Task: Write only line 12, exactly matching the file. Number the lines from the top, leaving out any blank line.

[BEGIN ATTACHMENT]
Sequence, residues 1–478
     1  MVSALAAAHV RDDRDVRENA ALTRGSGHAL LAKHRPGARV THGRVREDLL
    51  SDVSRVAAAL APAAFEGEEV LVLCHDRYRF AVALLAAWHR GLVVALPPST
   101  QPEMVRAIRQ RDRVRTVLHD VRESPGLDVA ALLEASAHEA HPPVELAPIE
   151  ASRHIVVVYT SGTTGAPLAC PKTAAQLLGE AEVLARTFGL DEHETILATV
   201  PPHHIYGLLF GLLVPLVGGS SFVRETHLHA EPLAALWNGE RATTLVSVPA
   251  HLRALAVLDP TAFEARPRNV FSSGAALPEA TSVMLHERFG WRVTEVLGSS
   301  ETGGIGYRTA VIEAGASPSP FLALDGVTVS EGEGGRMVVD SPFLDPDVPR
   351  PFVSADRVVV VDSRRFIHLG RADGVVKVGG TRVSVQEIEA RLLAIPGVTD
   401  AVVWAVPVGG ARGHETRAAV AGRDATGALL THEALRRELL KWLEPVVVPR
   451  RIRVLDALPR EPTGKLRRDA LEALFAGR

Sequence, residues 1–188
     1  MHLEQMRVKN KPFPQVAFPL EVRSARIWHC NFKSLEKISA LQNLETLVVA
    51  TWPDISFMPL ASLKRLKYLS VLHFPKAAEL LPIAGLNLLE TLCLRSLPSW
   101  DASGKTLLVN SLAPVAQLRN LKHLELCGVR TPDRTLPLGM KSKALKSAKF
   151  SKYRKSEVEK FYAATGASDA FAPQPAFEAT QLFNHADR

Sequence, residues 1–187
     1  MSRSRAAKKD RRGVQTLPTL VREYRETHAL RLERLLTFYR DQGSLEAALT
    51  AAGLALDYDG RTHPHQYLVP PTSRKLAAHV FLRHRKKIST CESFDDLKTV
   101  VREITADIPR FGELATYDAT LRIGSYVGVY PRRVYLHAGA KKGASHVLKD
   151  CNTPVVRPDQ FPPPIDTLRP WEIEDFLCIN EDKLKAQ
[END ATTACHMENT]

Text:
Sequence, residues 1–188